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Pyotr Ilyich TCHAIKOVSKY (1840-1893)
Symphony No.6 in B minor, Op. 74 ‘Pathétique’ (1893) [46.41]
Antonín DVOŘÁK (1841-1904)
‘Rusalka Fantasy’ orchestral suite from opera Rusalka (1900) [20:11]
(conceptualized by Manfred Honeck: realised by Tomás Ille)
Pittsburgh Symphony Orchestra/Manfred Honeck
rec. live 17/19 April, 2015, Heinz Hall for the Performing Arts, Pittsburgh, PA, USA

Consistently impressive is the ongoing ‘Pittsburgh Live!’ series from the Pittsburgh Symphony Orchestra under its music director Manfred Honeck. I made its release of the Beethoven Symphonies No’s 5 and 7 as one of my ‘Records of the Year’ for 2015. Now for the fifth album in this enthusiastically admired series Honeck has turned his attention to Tchaikovsky’s enduringly popular Sixth Symphony ‘Pathétique’ together with the world première recording of the newly arranged ‘Rusalka Fantasy’. These 2015 accounts were recorded in live performance at the Heinz Hall the orchestra’s Pittsburgh home.

Universally known as the ‘Pathétique’ Tchaikovsky’s Sixth is his most deeply moving and profound score. Once again the struggle against fate is central to a work which was to be Tchaikovsky’s last. The première took place in October 1893 in Saint Petersburg and just over a week later the composer was dead. Few musical farewells to the world are more affecting. This is a beautifully proportioned reading by Honeck and in the opening movement, Allegro non troppo I was struck by the crisp and engaging playing. With restrained passion Honeck resists the temptation to wallow and there is a gloriously temperamental power that one feels might explode at any moment. From start to finish the Allegro con grazia flows elegantly with all the dreamlike elegance of a Viennese waltz. Under Honeck the strikingly played Scherzo evokes a ‘Midsummer Night’s Dream’ scene of nocturnal reverie of elves, fairies and spirits deep in the forest. The way Honeck builds up the orchestral weight and volume is compellingly dramatic. Remarkable is how Tchaikovsky manages to close the symphony with a slow movement. The descending phrases create a deep melancholy together with a chorale of sorrow on the brass and winds as if mirroring the human spirit slowly fading away. This cry of anguish is probably unequalled in the history of music. Honeck and his Pittsburgh players obtain a maelstrom of emotions that can leave the listener crushed. With the Pittsburgh orchestra on world class form this is a moving account of the ‘Pathétique’ Symphony that can join the echelons of the finest recordings. Nonetheless I wouldn’t wish to replace the opulently dramatic reading from Valery Gergiev and the Vienna Philharmonic Orchestra, recorded in 2004 at the Musikverein, Vienna on Philips. Of the older mono recordings I remain a great admirer of the compelling 1956 Konzerthaus Vienna account from the Leningrad Philharmonic Orchestra under Evgeny Mravinsky on Deutsche Grammophon.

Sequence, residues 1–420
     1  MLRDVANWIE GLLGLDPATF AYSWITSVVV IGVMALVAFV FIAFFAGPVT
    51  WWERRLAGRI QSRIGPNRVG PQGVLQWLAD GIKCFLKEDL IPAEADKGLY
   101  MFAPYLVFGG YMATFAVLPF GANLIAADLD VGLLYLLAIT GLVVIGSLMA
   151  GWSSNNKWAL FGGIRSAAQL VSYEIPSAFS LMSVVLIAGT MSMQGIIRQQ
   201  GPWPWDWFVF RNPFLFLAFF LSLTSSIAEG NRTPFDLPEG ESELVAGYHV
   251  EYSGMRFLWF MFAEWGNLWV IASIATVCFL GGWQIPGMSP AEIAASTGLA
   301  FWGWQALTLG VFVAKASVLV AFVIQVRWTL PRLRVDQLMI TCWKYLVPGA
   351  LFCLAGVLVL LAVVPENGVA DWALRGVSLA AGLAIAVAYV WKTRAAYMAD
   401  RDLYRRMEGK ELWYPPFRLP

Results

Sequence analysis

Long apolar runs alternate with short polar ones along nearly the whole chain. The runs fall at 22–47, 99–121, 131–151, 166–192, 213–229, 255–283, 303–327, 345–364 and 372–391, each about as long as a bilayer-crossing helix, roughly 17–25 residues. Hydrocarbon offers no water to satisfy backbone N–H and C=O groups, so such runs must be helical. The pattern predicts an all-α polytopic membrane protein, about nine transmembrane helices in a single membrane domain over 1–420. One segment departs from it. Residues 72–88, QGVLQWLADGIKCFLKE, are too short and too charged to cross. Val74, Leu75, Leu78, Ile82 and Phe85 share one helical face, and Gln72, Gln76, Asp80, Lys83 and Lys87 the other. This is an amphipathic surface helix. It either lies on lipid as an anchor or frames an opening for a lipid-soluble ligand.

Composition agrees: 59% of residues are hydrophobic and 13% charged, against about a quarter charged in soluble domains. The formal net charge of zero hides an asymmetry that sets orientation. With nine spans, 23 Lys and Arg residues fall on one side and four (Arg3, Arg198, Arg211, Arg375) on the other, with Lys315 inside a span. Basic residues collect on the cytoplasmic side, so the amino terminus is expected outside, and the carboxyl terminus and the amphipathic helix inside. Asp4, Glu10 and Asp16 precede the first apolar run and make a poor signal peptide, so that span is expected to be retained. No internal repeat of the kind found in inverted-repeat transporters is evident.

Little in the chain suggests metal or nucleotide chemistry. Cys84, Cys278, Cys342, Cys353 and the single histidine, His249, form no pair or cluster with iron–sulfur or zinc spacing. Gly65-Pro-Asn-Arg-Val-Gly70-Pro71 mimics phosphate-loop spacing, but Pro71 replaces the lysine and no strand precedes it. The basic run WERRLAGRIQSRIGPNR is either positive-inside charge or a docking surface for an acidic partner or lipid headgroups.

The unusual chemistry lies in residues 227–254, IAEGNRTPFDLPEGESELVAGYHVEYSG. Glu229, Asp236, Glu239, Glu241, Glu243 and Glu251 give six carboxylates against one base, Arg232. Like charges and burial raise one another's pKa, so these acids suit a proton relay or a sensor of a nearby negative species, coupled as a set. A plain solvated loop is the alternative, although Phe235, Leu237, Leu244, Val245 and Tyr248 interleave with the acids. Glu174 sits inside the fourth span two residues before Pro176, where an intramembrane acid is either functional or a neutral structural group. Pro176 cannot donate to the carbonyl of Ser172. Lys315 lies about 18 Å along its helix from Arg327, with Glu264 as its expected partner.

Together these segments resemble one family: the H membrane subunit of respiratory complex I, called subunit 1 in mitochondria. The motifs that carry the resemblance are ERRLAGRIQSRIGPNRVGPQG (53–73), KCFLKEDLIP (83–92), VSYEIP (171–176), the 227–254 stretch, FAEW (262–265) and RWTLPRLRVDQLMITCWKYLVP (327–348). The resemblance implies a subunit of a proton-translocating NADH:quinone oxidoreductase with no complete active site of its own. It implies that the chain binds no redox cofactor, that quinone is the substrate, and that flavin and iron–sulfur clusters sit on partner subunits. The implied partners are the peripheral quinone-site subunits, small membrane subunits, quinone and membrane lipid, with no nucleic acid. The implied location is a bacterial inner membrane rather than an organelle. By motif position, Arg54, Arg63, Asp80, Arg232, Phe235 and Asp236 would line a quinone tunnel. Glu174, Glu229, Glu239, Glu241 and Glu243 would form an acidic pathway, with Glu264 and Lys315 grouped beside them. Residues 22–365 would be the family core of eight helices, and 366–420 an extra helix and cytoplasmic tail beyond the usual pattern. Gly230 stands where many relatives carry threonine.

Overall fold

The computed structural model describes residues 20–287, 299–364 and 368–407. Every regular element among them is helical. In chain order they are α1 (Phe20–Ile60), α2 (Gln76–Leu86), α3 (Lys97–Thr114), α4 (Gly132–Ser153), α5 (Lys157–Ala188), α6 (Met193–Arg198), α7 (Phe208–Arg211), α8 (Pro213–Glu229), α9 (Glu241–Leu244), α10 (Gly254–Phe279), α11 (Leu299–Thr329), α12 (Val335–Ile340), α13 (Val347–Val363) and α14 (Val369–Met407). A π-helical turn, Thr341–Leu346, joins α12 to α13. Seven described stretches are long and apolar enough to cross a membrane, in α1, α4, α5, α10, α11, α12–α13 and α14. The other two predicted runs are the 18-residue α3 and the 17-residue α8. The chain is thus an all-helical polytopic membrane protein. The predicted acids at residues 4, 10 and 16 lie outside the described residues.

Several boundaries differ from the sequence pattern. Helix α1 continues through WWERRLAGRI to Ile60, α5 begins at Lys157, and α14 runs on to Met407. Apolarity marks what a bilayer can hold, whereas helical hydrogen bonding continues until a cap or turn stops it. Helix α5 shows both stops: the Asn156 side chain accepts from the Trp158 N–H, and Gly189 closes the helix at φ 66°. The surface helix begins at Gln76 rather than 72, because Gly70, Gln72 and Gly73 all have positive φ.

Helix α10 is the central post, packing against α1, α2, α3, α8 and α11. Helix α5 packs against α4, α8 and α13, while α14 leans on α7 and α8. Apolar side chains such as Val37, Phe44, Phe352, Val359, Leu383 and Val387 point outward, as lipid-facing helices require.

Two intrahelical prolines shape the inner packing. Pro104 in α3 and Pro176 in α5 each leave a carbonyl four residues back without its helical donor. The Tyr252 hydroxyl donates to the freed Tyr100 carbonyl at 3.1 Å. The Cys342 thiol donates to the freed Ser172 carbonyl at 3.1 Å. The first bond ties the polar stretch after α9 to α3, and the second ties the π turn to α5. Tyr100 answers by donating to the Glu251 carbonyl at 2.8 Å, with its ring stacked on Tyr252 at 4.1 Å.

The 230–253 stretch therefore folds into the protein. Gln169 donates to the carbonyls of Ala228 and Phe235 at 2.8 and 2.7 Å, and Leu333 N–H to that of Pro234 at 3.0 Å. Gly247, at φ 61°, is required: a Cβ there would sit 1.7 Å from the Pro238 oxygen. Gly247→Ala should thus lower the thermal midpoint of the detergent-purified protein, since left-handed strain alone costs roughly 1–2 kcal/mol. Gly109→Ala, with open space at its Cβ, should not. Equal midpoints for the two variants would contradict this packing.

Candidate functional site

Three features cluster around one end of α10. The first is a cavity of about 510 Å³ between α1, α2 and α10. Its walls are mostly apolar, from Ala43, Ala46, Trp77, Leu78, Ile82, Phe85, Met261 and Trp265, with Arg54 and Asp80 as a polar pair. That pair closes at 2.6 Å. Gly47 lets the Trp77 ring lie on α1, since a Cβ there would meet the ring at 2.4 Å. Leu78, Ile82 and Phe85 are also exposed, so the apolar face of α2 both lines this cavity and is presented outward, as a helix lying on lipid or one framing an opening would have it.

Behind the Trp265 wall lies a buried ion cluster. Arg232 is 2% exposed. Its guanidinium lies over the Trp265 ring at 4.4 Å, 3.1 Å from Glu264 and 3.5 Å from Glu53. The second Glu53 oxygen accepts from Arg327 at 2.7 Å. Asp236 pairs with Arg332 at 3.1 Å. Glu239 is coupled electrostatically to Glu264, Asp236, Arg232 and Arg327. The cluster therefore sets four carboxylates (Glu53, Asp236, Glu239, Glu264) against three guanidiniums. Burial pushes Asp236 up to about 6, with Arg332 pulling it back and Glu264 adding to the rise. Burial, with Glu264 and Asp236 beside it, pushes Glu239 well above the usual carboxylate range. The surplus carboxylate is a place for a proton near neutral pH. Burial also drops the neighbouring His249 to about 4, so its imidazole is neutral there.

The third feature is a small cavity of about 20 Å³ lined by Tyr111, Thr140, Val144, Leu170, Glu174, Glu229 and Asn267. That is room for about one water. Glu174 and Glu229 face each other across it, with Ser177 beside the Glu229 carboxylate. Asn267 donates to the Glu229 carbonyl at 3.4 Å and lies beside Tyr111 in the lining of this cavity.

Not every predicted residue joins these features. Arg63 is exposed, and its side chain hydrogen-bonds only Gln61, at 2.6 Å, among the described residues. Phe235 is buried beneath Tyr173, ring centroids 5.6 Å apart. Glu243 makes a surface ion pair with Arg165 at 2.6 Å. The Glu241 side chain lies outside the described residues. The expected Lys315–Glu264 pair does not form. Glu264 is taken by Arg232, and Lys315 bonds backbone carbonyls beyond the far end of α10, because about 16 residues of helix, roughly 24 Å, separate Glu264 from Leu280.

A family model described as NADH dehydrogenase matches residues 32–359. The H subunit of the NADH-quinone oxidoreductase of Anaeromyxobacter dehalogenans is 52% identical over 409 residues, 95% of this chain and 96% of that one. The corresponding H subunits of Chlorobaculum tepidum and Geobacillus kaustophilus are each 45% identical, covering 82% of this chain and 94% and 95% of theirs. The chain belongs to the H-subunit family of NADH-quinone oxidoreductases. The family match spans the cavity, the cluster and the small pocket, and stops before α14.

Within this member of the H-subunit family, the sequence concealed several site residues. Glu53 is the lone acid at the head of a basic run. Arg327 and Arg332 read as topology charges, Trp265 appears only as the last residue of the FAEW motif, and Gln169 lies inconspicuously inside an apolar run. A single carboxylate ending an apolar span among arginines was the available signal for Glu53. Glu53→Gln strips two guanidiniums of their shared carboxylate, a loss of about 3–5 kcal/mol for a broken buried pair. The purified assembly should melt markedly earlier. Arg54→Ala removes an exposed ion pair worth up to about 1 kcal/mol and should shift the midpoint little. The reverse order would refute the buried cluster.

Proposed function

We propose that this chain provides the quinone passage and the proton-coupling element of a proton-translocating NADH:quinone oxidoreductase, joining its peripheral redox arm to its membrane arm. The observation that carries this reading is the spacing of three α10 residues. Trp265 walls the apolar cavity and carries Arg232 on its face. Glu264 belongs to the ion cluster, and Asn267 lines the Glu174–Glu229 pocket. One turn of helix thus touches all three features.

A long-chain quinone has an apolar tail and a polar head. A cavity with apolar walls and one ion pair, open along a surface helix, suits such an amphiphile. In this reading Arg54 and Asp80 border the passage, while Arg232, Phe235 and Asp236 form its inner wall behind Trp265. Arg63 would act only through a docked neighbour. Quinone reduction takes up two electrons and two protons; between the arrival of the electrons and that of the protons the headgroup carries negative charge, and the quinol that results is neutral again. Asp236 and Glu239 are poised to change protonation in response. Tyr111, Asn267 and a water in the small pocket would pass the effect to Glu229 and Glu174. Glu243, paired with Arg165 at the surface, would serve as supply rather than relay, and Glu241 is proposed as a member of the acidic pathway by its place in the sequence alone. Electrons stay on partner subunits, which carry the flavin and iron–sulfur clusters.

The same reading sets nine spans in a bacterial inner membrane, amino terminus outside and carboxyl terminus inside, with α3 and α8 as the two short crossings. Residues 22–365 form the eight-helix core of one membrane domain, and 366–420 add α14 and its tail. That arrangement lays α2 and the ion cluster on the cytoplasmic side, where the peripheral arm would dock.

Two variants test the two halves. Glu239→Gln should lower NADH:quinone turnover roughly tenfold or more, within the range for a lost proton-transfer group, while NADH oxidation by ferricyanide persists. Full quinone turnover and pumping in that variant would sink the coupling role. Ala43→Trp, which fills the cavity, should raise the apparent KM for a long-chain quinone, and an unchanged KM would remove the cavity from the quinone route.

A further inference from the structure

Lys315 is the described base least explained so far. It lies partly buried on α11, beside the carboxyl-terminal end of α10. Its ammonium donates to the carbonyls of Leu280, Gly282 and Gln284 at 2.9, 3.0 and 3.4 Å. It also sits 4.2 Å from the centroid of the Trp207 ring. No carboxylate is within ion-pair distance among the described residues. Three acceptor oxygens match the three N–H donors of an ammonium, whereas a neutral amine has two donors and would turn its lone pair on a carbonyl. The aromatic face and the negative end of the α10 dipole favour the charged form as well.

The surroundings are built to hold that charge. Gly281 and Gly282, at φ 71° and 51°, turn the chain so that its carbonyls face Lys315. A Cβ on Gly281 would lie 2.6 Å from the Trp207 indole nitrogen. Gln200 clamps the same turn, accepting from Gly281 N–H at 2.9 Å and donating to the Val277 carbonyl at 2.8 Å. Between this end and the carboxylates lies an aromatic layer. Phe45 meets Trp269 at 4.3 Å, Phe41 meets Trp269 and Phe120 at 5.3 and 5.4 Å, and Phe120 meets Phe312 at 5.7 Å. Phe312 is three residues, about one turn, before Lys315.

During his time as an orchestral player with the Vienna State Opera performing Dvořák’s opera Rusalka, sometimes known as a ‘lyric fairy tale’, Honeck was inspired to create his own orchestral arrangement. Some years later he commissioned Czech composer Tomáš Ille to prepare an orchestral suite from the opera, the ‘Rusalka Fantasy’ which is premièred here. After the bold celebratory opening the work displays ravishing melodies, notably the renowned theme from ‘Song to the Moon’ and predominately inhabits a dreamy, rather ethereal quality. Perhaps the different phases of the work come just a touch too quick, not surprisingly lacking sufficient development. Yet on the whole this is a most rewarding score full of fascinating ideas which aptly demonstrates Dvořák’s creative power. The ‘Rusalka Fantasy’ is a work that I can see being taken up in the concert hall.

Recorded by Soundmirror in live concert performances at Heinz Hall, Pittsburgh the sound quality from this hybrid SACD on my standard player is crystal clear with realistic presence and satisfying balance. Both enlightening and absorbing, Manfred Honeck’s detailed essay in the accompanying booklet is extremely helpful in putting forward his take on the genesis of the ‘Pathétique’ and explaining in some detail the rationale behind much of this interpretation. I especially enjoyed reading how Maris Jansons, who preceded Honeck at Pittsburgh, would highlight a potential pitfall of interpreting Tchaikovsky with the adage “it is not necessary to add sugar to honey.”

Michael Cookson



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